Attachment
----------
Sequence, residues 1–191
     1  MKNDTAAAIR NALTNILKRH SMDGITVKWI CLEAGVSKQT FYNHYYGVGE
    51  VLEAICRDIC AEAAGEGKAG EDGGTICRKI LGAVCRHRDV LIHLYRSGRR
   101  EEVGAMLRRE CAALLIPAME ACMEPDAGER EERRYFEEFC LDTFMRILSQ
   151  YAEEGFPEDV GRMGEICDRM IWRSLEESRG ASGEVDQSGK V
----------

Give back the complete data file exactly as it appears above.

Sequence, residues 1–191
     1  MKNDTAAAIR NALTNILKRH SMDGITVKWI CLEAGVSKQT FYNHYYGVGE
    51  VLEAICRDIC AEAAGEGKAG EDGGTICRKI LGAVCRHRDV LIHLYRSGRR
   101  EEVGAMLRRE CAALLIPAME ACMEPDAGER EERRYFEEFC LDTFMRILSQ
   151  YAEEGFPEDV GRMGEICDRM IWRSLEESRG ASGEVDQSGK V